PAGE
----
Jesus concluded, in verse 27, “The Sabbath was made for man, not man for the Sabbath.” In other words, God gave rules to benefit and bless mankind. Rules are not meant to be followed blindly in a way that harms and destroys. This idea is reinforced by Jesus’ words in 3:4: “Which is lawful to do on the Sabbath: to do good or to do evil, to save life or to kill?”

Old and New

It’s not that he wanted them to abandon God’s laws. In fact, Jesus’ moral standards were even higher than the Pharisees’ interpretation of the Law. For example, the law defines adultery as sleeping with someone’s else spouse. Jesus, however, defined adultery as even just looking at someone other than one’s spouse with lust.

Rather, Jesus questioned whether the Pharisees had understood God’s law or God himself, correctly. Later, in Mark 7:8, Jesus says, “You have let go of the commands of God and are holding on to human traditions.”

The Pharisees had good intentions, but their method of carrying out those intentions wasn’t so good. Their understanding of God’s law was narrow. In the end, they got carried away by their zeal to do things correctly. They emphasized rigid obedience to some rules while neglecting other things that mattered to God, like showing mercy and caring for the poor (Luke 11:42).

Therefore, they could not accept Jesus’ teaching, just as old wineskins cannot hold new wine without breaking the skins. Jesus’ teaching seemed incompatible with their system, just as you can’t sew a red patch onto a blue cloth and expect the colors to blend. I think Jesus used these metaphors to say that the Pharisees needed a huge change in thinking. Their very foundation had to change.

Five lessons for us

So what are some lessons we can draw for our lives today? I would like to suggest five lessons.

First, God’s laws were given to bless us. God does not ask us to blindly obey rules, especially in a way that causes harm.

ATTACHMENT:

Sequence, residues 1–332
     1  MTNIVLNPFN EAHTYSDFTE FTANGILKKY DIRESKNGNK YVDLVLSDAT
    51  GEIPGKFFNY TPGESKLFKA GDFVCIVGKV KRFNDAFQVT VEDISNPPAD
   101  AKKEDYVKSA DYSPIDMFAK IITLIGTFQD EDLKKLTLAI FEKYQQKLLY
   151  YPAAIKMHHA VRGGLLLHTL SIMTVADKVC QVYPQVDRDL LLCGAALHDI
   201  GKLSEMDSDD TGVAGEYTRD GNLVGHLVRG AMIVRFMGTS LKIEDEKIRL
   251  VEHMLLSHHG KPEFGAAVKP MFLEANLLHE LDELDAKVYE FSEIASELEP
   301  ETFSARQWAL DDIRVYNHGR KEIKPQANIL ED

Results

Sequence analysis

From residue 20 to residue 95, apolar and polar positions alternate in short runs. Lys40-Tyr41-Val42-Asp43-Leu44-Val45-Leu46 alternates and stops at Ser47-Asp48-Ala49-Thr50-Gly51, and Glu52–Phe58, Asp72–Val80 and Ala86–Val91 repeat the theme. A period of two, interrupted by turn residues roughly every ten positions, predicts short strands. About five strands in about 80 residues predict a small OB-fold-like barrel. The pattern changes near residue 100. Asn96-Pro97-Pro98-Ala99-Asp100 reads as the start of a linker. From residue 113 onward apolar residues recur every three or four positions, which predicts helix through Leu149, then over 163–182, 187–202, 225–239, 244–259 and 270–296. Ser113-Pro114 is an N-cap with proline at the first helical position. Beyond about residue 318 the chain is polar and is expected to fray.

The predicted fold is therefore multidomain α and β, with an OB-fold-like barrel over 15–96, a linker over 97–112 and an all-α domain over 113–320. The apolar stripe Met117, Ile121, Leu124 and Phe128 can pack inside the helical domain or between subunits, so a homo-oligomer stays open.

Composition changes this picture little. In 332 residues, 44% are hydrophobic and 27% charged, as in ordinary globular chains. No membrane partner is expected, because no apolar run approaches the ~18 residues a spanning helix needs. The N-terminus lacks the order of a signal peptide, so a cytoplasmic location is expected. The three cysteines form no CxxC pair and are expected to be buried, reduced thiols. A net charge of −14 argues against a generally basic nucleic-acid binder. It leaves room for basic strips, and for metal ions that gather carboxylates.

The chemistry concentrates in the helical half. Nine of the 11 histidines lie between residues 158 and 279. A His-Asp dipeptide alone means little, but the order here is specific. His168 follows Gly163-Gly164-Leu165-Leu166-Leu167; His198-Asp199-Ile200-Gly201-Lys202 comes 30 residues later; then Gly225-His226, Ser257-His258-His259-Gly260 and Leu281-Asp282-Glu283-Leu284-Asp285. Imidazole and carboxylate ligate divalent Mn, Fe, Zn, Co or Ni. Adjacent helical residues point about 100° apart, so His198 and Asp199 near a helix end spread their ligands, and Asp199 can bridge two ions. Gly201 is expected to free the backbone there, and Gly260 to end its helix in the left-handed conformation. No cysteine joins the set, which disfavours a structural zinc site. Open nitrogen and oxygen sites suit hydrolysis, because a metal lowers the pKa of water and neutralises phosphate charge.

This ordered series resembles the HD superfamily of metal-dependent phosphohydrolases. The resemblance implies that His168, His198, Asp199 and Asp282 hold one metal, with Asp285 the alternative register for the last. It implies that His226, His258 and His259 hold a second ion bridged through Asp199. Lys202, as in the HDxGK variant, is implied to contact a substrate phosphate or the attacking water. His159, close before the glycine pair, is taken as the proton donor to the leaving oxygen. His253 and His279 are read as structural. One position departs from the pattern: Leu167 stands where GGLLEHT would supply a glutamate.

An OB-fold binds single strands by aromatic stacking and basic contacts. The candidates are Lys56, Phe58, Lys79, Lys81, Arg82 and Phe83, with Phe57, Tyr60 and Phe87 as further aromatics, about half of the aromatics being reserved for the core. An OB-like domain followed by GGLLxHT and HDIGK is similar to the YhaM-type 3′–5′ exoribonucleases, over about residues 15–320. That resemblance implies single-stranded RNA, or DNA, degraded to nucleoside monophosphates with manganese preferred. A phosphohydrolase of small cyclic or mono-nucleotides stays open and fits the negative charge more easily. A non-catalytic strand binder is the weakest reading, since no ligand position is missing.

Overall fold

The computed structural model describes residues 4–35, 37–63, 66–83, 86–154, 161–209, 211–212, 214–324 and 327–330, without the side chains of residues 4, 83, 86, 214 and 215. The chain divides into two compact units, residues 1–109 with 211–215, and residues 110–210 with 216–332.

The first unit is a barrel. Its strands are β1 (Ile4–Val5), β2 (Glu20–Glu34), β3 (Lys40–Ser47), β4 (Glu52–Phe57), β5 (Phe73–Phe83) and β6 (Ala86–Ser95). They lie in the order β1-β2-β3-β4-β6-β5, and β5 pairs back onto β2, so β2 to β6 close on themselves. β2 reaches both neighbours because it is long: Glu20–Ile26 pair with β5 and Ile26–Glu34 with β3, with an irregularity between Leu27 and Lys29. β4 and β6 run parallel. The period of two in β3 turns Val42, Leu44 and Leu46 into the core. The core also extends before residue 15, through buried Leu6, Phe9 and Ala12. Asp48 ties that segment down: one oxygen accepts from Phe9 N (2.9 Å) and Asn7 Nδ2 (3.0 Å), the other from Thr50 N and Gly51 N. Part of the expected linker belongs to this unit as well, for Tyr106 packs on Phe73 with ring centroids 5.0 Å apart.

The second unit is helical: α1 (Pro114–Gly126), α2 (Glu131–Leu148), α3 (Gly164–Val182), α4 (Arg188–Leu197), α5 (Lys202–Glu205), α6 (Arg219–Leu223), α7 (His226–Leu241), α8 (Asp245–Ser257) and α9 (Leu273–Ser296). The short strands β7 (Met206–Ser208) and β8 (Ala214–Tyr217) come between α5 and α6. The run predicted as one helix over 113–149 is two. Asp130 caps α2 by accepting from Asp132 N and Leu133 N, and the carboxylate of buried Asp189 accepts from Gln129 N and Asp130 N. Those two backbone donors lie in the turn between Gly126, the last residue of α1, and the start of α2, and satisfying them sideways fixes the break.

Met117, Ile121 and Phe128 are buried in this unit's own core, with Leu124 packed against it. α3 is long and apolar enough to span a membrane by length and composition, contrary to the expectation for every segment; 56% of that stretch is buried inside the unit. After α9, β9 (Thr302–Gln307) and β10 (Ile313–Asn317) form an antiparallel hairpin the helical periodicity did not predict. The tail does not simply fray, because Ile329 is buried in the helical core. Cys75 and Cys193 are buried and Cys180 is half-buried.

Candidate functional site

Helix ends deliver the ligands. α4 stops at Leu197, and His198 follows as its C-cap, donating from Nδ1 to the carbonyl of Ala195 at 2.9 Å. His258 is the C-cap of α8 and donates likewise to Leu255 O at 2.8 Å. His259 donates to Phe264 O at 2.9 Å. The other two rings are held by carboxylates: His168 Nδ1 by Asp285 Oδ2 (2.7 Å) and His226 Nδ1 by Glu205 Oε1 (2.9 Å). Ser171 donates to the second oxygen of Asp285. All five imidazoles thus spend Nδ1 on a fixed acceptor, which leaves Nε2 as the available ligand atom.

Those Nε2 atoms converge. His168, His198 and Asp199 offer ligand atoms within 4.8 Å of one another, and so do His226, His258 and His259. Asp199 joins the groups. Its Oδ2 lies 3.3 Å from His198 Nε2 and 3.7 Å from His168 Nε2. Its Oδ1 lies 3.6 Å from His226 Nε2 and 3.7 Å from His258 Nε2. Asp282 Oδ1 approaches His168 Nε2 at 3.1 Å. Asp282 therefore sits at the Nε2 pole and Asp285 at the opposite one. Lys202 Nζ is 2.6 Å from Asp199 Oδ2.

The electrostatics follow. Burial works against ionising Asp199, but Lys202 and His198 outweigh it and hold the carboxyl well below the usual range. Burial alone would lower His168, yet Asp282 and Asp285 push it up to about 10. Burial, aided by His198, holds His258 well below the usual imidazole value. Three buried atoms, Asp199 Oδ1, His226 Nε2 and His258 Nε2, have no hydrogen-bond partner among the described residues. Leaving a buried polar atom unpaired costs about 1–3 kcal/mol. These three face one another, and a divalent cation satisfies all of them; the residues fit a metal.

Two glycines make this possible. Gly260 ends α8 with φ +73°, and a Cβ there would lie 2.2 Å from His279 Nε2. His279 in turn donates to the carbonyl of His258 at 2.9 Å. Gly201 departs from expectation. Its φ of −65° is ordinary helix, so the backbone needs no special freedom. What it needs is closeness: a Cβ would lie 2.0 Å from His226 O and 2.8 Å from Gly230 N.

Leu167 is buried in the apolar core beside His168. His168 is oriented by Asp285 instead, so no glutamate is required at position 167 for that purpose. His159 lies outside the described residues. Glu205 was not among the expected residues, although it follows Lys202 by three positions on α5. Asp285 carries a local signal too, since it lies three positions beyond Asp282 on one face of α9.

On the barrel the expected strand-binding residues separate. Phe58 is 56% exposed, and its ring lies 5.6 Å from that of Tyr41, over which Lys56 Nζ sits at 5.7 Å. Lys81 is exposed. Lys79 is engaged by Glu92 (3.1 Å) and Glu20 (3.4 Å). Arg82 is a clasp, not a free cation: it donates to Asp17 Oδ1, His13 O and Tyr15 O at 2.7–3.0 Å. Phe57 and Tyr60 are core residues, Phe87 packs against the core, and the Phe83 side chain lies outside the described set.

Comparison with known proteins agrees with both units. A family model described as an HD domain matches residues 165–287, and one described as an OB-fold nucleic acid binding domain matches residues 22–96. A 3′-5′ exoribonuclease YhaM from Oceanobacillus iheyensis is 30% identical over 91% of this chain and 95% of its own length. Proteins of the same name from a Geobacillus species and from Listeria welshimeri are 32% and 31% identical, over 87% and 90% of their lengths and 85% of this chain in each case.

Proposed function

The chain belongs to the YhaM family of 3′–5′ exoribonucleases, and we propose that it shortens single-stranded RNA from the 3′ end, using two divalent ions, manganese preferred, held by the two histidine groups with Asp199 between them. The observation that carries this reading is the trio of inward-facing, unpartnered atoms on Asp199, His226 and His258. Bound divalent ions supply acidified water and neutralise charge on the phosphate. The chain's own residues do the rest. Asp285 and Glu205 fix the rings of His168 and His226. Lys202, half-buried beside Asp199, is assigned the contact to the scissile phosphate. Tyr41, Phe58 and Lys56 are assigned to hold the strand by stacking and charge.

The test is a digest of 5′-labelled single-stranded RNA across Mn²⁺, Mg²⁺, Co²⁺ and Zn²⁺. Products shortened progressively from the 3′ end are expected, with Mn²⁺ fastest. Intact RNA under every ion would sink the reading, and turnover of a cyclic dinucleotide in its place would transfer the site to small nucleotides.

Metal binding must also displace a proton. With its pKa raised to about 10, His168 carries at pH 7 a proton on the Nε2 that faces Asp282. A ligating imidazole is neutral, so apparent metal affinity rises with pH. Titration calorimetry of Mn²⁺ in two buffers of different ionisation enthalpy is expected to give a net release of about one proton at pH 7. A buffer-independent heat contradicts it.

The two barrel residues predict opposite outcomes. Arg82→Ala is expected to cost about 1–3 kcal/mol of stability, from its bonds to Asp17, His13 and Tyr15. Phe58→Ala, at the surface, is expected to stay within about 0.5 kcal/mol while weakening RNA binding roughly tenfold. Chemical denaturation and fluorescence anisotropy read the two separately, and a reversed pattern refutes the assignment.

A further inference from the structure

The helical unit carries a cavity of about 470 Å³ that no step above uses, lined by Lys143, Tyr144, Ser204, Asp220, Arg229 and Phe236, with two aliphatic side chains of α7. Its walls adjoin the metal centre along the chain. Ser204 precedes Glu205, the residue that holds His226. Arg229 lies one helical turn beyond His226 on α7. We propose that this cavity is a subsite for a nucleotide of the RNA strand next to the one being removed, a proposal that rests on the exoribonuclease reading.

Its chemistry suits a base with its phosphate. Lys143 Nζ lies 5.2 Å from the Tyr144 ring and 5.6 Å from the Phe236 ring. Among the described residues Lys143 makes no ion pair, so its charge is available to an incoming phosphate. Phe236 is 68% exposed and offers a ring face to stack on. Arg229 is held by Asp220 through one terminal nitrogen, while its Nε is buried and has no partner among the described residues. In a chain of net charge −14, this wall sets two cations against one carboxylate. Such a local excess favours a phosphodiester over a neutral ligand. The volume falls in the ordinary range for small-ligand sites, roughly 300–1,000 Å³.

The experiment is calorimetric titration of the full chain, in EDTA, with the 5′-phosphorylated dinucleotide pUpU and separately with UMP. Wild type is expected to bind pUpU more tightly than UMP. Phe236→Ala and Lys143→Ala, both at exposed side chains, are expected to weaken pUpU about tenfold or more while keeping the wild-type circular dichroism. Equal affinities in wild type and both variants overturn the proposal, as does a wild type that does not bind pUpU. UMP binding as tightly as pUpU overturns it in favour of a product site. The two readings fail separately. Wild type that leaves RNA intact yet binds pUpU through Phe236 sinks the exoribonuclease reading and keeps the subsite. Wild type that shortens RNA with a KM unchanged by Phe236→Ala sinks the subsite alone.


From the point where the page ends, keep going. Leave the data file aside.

How do we know what rules to keep, or how to follow them? To answer these kinds of questions, we need to continually learn about the Scriptures. The Bible is not a rulebook. It is a story—about God and how he is restoring our world through Jesus Christ. It’s important to understand how different parts of the Bible, including the rules, fit into that story. Without knowing the overall story and God’s character, we will not understand the rules.

Secondly, “the spirit of the law” is more important than the law itself. In other words, we should try to understand the principle or purpose behind the law. That enables us to interpret the law more correctly.

Using the Sabbath example: We must go beyond asking, “How do we define ‘work’?” When God gave the Sabbath law, he didn’t give detailed instructions because he knew that the ways we work and the ways we rest would change over the centuries. It’s up to us to recognize what will help us rest.

We should ask, “What is the point of Sabbath?” The point is not to avoid work but to find rest. The law says, “Have a weekly day where you don’t work.” But the spirit of the law is: “Take regular rest. Rest is part of God’s rhythm for creation.”

We can go further by asking, “What is the purpose of rest? Is it merely to recharge our bodies for more work?” The book of Exodus tells us that we are made to rest because we reflect our Creator, who himself rested. As Exodus 20:11 says, “He rested on the seventh day”—that is, after the six days of creation. Through the Sabbath day, we experience the way God stopped working and simply enjoyed the world he created.

The third lesson is this: The law is important but character and relationship are more important. What is the point of having laws in the first place? God’s laws not only protect us but are also meant to shape our character. We are to be people who love God and love our neighbors (Matthew 22:37-40). This was an important point that Jesus said the Pharisees missed out.

Fourth, God wants us to find joy in being with him. Jesus described himself as a bridegroom. Elsewhere in the Bible, we learn that we are his bride (Ephesians 5:25-32). Just as a newly married couple delights in each other, that is the kind of joy we are meant to experience with God.

Fifth, God gives us rest. Jesus called himself “Lord of the Sabbath.” He is the Lord of Rest. In Matthew 11:28 he says, “Come to me, all you who are weary and burdened, and I will give you rest.” Rather than giving us more rules, he says, “Come and rest.”

One of the many ways we can receive this rest is by practicing the Sabbath. We each have different circumstances, so our Sabbath may look different. But the principle is that we trust God to provide for our needs. We allow ourselves to enjoy God and life. It’s not so much that we cease from activity. Rather, resting now gives us a glimpse of what the Garden of Eden used to be like. And it gives us a taste of our future eternal rest.


To end, I hope that we won’t see the Christian life as a set of rules to keep, or even a set of a good principles. Rather, the Christian life is about nurturing our relationship with God. That life includes celebration and caring for others. Let’s pray.